Lev is back in the house!
    Superb article, covers every POV.

  3. Kxevin says:

    The problem with the Suarez thing is that there is no amelioration, no middle ground. And people have a difficult time separating the act of signing from the man from the board who did it.

    Time has done nothing to quell my disgust, even as it has added some perspective. But to my view, because Suarez is now a Barça player, we have to find ways to make it less revolting. One of my favorite writers and Twitter voices of reason wondered the other day, as did I, what we would be saying had RM signed Suarez instead of us. The true test of any act is does it stand the “mirror test?”

    In the extremes, we get the “poor persecuted baby” and “he’s the Devil!” The truth is somewhere in the middle. He is a brilliant football player with what seems to be a fundamental flaw of lashing out in destructive ways under negative stress. And nobody can predict when that time will be. He has done it for every team for which he has played, so there is no reason to think that he won’t do it at Barça, a team that multiplies the most intense pressure.

    There are also some “someone did this once, and didn’t get this,” or “I would rather be bitten than kicked,” etc, etc. The thing, and what lies at the root of the draconian FIFA sanction isn’t that Suarez did it once. It’s that he has a history of this behavior, and that history includes an almost complete lack of remorse or acceptance. His people craft an apology, he signs it, utters it in public and away we go.

    Does he mean it? Good question. He might, and might be genuinely remorseful for the incident, and might honestly want to not transgress again, which is a deeper problem of nonexistent impulse control.

    Barça has signed a time bomb because it wants to win trophies. This is at the bottom line. The game is about quality. Can the player do his job. Okay, then we can hold our noses at the other stuff, and watch him score goals.

    There is more disgust and outrage over the potential signing of Douglas, an inexpensive Brazilian right back who, to my knowledge, has not bitten three people, kicked another in the stomach or been found guilty of making racial remarks at a black player during a match. His only sin is that “He isn’t quality.”

    But Suarez is quality, so that other stuff? Well shucks, you can’t expect a brilliant to not be a little flawed now, can you? Look at Stoichkov, and stop being silly.

    The other complexity is that people say that someone “doesn’t like Suarez.” I am sure Suarez is a lovely man, when he isn’t going bonkers in the heat of battle. Friends like him, teammates like him, his family loves him. You can’t dislike someone you don’t know, so anyone who says they “don’t like Suarez” doesn’t know what they are talking about. We don’t know the players we watch play football every week, beyond what they do on the pitch and off the pitch, what they let the public see.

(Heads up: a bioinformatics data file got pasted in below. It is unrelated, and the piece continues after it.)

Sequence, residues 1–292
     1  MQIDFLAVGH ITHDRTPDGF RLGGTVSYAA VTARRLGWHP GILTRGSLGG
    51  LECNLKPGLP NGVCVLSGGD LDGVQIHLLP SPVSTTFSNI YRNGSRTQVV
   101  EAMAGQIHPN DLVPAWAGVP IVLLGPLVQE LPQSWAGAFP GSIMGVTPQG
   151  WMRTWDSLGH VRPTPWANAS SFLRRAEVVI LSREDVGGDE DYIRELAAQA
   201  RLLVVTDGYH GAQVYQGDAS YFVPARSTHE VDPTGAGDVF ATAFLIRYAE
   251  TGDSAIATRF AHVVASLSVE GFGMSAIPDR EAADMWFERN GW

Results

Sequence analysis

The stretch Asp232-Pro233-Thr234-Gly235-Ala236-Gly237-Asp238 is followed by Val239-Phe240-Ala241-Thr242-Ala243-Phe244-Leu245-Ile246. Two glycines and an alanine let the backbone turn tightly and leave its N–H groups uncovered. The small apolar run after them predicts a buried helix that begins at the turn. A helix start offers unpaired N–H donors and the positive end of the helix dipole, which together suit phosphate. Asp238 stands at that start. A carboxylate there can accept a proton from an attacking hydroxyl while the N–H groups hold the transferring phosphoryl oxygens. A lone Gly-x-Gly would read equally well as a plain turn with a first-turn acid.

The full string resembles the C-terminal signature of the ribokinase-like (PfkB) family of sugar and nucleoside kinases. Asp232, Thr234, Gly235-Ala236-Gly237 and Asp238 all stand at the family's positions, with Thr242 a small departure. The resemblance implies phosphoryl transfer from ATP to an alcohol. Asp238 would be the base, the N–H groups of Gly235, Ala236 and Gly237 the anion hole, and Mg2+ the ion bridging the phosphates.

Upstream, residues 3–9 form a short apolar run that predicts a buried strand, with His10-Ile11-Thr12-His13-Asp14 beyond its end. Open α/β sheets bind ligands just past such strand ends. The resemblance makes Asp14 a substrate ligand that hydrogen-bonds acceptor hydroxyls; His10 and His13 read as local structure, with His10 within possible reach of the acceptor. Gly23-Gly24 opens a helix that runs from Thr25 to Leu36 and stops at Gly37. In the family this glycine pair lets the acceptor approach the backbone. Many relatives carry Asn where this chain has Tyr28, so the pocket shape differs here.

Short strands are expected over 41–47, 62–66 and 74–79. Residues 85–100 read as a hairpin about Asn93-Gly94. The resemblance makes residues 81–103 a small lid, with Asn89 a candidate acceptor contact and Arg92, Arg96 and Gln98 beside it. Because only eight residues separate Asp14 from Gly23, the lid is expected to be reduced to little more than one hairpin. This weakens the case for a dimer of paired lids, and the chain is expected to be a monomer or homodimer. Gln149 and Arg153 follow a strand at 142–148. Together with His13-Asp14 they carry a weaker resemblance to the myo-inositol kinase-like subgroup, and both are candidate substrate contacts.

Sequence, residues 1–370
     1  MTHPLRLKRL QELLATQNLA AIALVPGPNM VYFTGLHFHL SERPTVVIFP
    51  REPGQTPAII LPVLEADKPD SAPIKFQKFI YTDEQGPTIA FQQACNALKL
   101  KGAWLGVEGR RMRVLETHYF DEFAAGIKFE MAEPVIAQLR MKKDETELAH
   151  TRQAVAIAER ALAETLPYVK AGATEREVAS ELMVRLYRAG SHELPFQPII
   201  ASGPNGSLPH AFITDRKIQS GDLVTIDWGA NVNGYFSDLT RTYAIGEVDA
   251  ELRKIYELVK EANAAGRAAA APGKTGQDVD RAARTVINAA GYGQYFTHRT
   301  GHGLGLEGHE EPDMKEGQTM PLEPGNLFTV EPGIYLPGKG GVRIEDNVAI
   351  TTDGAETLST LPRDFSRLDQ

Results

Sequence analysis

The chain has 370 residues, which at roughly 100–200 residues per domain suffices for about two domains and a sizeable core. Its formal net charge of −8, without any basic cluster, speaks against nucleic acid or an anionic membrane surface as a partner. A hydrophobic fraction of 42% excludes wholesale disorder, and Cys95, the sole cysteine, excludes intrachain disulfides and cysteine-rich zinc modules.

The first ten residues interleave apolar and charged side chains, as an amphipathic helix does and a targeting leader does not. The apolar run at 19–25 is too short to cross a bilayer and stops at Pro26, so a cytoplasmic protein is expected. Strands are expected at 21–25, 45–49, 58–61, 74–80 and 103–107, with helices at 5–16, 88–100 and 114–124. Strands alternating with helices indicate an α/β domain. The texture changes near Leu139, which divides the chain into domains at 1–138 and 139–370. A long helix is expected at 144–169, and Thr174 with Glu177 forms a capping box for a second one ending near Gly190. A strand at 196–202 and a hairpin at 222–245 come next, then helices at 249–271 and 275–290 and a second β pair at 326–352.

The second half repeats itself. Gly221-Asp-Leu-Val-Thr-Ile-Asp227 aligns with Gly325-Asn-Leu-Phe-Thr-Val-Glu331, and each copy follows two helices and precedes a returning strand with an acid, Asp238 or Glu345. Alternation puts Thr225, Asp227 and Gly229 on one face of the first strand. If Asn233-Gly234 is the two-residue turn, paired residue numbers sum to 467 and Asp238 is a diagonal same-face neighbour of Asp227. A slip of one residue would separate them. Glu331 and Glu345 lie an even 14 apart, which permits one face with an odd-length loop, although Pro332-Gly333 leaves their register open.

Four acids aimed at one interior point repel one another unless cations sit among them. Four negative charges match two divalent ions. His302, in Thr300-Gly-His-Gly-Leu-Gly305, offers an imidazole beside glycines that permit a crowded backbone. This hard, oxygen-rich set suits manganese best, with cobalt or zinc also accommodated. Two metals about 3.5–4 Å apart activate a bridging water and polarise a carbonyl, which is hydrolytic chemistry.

As for the FIFA sanction, CAS made the exact right decision in eradicating the silly part but leaving the active match ban intact. It’s a decision that is being widely hailed as sensible by parties with no skin in the game, even as club, player and many culers think it wasn’t a just one. It was, because the FIFA sanction wasn’t just about the Chiellini bite, but the WC incident atop a pattern of repeated behavior. In the U.S., many states have a “third strike” law, where if you are nabbed for a crime, it’s a normal sentence. The second time, the law sighs, and still, the case goes as it should. Third time for the same offense and the hammer comes down.

    That treatment of repeat offenders has been hotly debated. Parents and family of someone sent away for that third strike say “It isn’t right to send that person away for X,” but it isn’t about X in and of itself. I think that to understand the FIFA sanction, that is something worth considering.

    The best news to come out of this is that Suarez’s lawyer said (and again we will have to take his word for it) that the player is working with a therapist, and that no further incidents will happen. The former we have to take him at his word for, and the latter, only time will be able to tell.

    I really like Levon’s piece because it reopens debate now that time has passed. He is a Barça player. Someone smarter than me told me that it isn’t FC Messi, but it isn’t FC Suarez, either. If you support the team and club, support them. So that is that, for me, even as I still find the act of signing him vile.

    • Levon says:

      Indeed I asked myself the question of whether I would still like him if he signed for M*drid. Very few merengues have come out of that question positively. Higuain, Seedorf, Zidane, Beckham and Ronaldo. That’s about it. I pretty much loathe anyone else who has ever worn that shirt. In the article above I wrote that yes, I would still like Lucho. I just remember too many interviews with him (as a Dutch speaker, I probably had an opinion of the man before many other European football followers) in which he came off as a genuinely nice guy.

      What’s a huge source of concern is that not only what he does wrong but that he keeps doing it. The soap opera of Suarez trying to leave Liverpool last summer was very similar to when he tried (and succeeded) to FC Groningen for AFC Ajax years before. Ditto for his biting. The news that he’s working with a therapist is no news at all, it’s only a different therapist from the year before in England (let’s hope this one’s better).

      As Kxevin points out, the pressure of playing at FC Barcelona is higher than anything he’s ever experienced before. I’m afraid it’s not a question of whether he will snap again or not, but when. Of course this then leads to the next, inevitable question, for how long will they suspend him next?

  4. ciaran says: